Close the loop 4 min read

A step-by-step guide to establishing a Customer Success-driven feedback loop

Jo Johansson • March 4, 2021

Earlier this week, we launched our revamped Ideation Module and brand new Product Updates Module in an effort to help Customer Success and Product teams create a better way to manage customer feedback and close the loop.

But how do you build a Customer Success-driven feedback loop? We’ve broken it down into seven steps to help you get started.

Let's take a look.

Step 1: Identify the best way to collect and organize customer feedback

While you can collect customer feedback across numerous channels, tools, and teams – if all that feedback isn’t hosted in one centralized place, it can be difficult to put all the pieces together. Leverage your customer community or use a tool like Productboard to collect customer feedback and feature requests. It’s important to choose a tool or process that can easily fit into existing workflows in your Customer Success team as well as Product. For example, you might want to make sure it offers integrations with other tools you use daily, such as Salesforce, Gainsight, Slack, and Mixpanel.

Step 2: Create a standardized format for sharing customer feedback with Product

Identify exactly what information you need from customers to fully understand the feedback, and what business goals it would contribute to. You also need to define what information you need in order to qualify the feedback. This will help you determine the importance of different types of feedback and help you communicate this to Product. For example, if Product requires you to come up with a high-level business case, it might be good to know the ARR backing a specific feature request. Make sure to always use the same format so there’s no confusion.

Step 3: Establish the best way to analyze and prioritize feedback

Choose one centralized feedback hub where Customer Success and Product can both get a complete overview of the voice of the customer. While Customer Success often has more intimate knowledge of customer needs, Product has the advantage when it comes to product capabilities. Level the playing field by making sure that the actual discussion or feedback from the customer is given in an accessible and open environment for both teams. Other customers can participate, and both teams can help qualify feedback and requests before it’s discussed internally.

Step 4: Manage expectations and communicate updates

The most important aspect of collecting feedback is to manage expectations. All product feedback and ideas should be welcomed. Not all ideas can be implemented, either because they are too complicated, too specific or because they don't fit the product vision. Ideas that can be implemented might take some time to investigate and execute on. Explain to your customers what Product is working on, how they prioritized feedback, and what customers can expect to be delivered.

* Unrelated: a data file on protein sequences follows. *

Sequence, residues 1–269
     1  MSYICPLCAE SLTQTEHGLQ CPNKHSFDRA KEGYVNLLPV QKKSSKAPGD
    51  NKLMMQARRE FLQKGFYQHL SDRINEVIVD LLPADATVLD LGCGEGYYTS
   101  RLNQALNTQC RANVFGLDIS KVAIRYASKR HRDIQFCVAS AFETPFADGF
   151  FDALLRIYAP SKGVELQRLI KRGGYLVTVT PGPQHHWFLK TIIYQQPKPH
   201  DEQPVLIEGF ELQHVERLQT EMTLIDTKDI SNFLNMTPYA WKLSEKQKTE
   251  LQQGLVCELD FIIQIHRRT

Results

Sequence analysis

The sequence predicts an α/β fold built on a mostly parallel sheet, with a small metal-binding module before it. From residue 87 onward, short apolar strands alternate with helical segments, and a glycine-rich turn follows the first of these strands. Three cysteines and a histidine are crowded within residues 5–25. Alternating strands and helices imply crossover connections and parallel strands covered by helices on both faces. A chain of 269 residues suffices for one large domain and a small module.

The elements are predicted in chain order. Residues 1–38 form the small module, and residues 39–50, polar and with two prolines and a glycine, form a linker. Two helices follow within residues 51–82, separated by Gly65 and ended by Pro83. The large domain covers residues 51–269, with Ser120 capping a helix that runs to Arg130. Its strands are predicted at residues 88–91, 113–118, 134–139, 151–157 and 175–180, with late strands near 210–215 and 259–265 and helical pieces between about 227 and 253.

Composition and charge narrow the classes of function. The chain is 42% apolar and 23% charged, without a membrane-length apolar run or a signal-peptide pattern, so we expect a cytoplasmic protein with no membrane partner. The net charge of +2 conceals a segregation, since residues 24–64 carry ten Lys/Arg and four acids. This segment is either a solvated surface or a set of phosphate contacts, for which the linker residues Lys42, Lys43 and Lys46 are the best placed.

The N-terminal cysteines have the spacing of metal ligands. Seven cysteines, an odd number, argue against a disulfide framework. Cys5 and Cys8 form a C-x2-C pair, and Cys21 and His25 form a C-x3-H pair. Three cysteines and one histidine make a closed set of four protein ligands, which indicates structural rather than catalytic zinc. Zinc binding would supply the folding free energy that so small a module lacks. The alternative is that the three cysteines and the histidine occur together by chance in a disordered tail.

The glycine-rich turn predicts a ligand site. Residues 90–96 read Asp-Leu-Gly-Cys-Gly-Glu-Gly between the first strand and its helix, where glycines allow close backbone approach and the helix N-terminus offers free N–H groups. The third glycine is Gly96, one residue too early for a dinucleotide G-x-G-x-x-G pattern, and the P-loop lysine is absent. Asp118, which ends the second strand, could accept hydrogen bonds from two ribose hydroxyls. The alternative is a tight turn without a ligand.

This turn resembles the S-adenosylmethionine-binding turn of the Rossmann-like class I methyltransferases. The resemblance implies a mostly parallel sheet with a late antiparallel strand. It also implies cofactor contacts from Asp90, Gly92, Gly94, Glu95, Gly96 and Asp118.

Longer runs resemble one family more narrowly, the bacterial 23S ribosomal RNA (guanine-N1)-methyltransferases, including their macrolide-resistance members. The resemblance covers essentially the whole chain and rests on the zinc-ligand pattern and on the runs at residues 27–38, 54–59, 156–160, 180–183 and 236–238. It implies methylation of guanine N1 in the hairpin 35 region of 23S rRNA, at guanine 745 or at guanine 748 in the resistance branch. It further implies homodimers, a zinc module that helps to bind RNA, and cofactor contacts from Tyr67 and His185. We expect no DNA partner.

Step 5: Incorporate feedback into product roadmap and implement

Once Product has reviewed feedback and prioritized requests, it’s time to get to work. But let’s not forget where the feedback came from! Invite customers – especially the ones that gave the feedback – to participate in Beta groups to help your product team make sure the new features and improvements are delivered to full satisfaction.

Step 6: Close the loop by communicating product updates to customers

When you successfully deliver on product feedback and ideas it’s time to close the feedback loop. Inform your customers what’s new, improved or changed based on the feedback they gave you. Always make sure to mention or reference the original idea or piece of feedback that sparked the update, and the customer who came up with it.

Step 7: Measure the success of new releases qualitatively and quantitatively

Send a customer satisfaction survey after the release, specifically to customers that were involved throughout the process. Catch up with your customer advisory board and ask them about the newly released features, improvements, and other product updates. And lastly, measure the impact of the update quantitatively by looking at product adoption and usage data.

Final words

Your CSMs are the face of your product. They will sit on some of the richest and most valuable information your company has. From interacting with customers over email, phone, in your customer community, and QBRs – they will have insights that go far beyond any data points the product team is analyzing. Your CSMs are the very beginning of the feedback loop.

But in order to keep the feedback loop going, Customer Success has to establish a workflow with Product in order to effectively analyze, prioritze, and implement that feedback so that they ultimately can close the loop – together.


Do you want to discover how you can improve collaboration between Customer Success and product? Download our eBook to learn more.

Close the Loop

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By Jo Johansson

Head of Content at inSided. Passionate about content ops, words and horses.

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